Franklin obesity rate a concern

April 26, 2003|by RICHARD BELISLE

The percentage of Franklin County residents and their neighbors in Fulton and Adams counties who are overweight or obese is significantly higher than that of residents in most other Pennsylvania counties, according to the results of a five-year study that ended in 2002.

The study also found a significantly higher percentage of residents in the three counties who participated in the study engage in no physical activity and don't eat many fruits and vegetables.

The report was part of a Friday morning forum called Healthier Communities Through Active Living. It was sponsored by the Healthy Communities Partnership of Greater Franklin County Inc., the Franklin County Recreation and Open Space Advisory Committee and Summit Health.


About 80 people representing local and county governments, the health care industry, health and human service agencies, recreation departments, the YMCA and faith-based groups attended the seminar at the Kauffman Ruritan Center in Kauffman Station north of Greencastle.

"Franklin County faces a critical health issue that can no longer be ignored," said Jan Crudden, executive director of the Healthy Communities Partnership. "Increasing rates of obesity and being overweight, decreases in physical activity and questionable eating habits are impacting the health of our people with consequences we will face for years."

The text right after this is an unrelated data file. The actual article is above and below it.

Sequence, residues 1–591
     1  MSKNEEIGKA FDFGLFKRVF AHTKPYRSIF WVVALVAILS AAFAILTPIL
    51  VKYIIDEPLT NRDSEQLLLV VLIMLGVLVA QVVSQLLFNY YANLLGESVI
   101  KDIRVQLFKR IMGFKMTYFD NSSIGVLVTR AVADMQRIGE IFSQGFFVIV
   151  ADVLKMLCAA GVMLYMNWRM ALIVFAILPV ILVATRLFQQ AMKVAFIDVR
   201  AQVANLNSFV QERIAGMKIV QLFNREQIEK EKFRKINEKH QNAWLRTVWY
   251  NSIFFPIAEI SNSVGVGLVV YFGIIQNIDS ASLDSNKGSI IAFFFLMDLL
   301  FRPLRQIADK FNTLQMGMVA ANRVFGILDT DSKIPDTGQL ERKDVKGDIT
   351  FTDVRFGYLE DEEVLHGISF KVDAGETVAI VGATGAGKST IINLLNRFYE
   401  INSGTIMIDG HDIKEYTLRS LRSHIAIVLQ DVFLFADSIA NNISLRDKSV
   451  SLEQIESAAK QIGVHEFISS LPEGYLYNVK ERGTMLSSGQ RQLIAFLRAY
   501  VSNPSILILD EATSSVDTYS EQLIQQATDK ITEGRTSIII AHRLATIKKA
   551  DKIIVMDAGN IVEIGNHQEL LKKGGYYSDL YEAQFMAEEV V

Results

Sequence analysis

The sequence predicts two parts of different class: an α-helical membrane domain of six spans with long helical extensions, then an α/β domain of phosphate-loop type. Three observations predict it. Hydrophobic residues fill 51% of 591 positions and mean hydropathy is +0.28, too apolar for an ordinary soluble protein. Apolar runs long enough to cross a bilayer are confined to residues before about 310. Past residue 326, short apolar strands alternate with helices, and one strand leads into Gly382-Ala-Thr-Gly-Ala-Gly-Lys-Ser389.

According to the National Institutes of Health, a body mass index value of 25 or more defines someone who is overweight. An obese person's body mass index is 30 or more.

The state's study showed that 61 percent of the 380 persons polled in the three-county area were overweight, 25 percent were obese, nearly 30 percent engage in no physical activity and nearly 78 percent don't eat more than five servings of fruits and vegetables every day.

"We see the end result of that," said Norman Epstein, president and CEO of Summit Health, owner of Chambersburg and Waynesboro hospitals.

Although physicians try, health care providers cannot control what people do, Epstein said.

"A new steakhouse opens and the parking lot is full," he said, pointing to the fact that obesity can lead to heart disease, diabetes and cancer. "The evidence is all there. We see it continuously."

Epstein said the problems will be worse in the next decade as money becomes more limited for health care, costs go up and more people will need the services.

"There's a time bomb down the road," he said.

One reason for Franklin County's high obesity rate is changing lifestyles created by a move off the farm, Crudden said.

"A lot of us are still eating like we are still on the farm, but we're not using up the same kind of energy anymore," she said.

It's incumbent on local governments to make facilities available where people can get out and walk, said Gerald Zeigler, zoning enforcement officer for Washington Township and supervisor of Pine Hill, the township's park off Pa. 16. The park has three miles of hiking trails with more being planned, he said.

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